In recent years, there has been a huge increase in the number of child sexual abuse and exploitation reports to Panama authorities, according a new ECPAT report. It also highlights that the enduring practice of child marriages in rural areas continues to make children vulnerable to forms of sexual exploitation. Now, ECPAT International urges authorities to collect data to assess the full scope of the problem.
ECPAT just released a Country Overview Report on Panama which shows increasing child sexual abuse and exploitation reports since 2013, with a 68% increase between 2017 and 2018. Perhaps counter-intuitively, this increase is encouraging as it likely shows increased confidence in help-seeking and may better indicate the real extent of the problem rather than showing an increase in cases. However, a lack of comprehensive data still hampers efforts to assess the different types of sexual exploitation children can suffer. Data is especially scarce regarding the exploitation of children in prostitution and through trafficking.
Reports of sexual crimes against children related to prostitution, such as procurement and remunerated sexual intercourse with minors, indicates that exploitation of children through prostitution is a reality in Panama. The report cites a 2019 survey of adult sex workers in the country who confirmed this.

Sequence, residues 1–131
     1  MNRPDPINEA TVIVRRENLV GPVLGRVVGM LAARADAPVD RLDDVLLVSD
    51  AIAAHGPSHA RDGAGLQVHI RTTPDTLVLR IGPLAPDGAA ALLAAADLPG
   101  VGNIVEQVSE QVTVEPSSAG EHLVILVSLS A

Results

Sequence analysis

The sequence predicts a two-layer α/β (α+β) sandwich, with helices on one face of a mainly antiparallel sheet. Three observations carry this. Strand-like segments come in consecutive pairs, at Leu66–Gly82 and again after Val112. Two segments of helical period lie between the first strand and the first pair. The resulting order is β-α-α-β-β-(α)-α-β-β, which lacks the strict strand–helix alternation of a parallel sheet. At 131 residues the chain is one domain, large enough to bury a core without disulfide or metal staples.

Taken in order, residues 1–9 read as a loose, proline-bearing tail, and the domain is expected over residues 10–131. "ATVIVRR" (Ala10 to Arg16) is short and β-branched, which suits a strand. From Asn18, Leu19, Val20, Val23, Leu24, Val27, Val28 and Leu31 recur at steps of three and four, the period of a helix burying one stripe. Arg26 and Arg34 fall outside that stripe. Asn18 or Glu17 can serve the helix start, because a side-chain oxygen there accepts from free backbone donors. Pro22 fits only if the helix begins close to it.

In the past, research has shown a remarkably high social tolerance towards sexual exploitation of children in Panama, with public attitudes defining the problem as belonging to the private sphere, or not even considered it a problem at all. Sexual relations between adults and adolescents are tolerated by many.
Sexual relations between adults and adolescents are tolerated by many.
In combination with a booming tourism sector, lenient community attitudes like this can result in vulnerable children, such as those living in poverty, more likely to be sexually exploited. The report cites recent research with tourism workers who indicated that technology and chat apps is further enabling sexual exploitation of children.
Despite 2015 amendments in the law banning child marriage, the ECPAT report indicates evidence showing that informal, unregistered unions continue in some rural areas where the practice is tolerated. Unregistered unions lead to underreporting and difficulties in detecting cases. Work is needed to stamp out the practice once and for all.
Panama has a number of government bodies with a mandate for dealing with cases of child sexual exploitation. However, deficiencies in terms of coordination, due to an excessive number of national plans and bodies and the lack of an effective overarching strategy inhibit efforts to protect children. Over the last decade, a bill aimed at creating an integral system for the protection of child rights has been under preparation but its approval has been delayed, as noted with concern by the Committee on the Rights of the Child in 2018.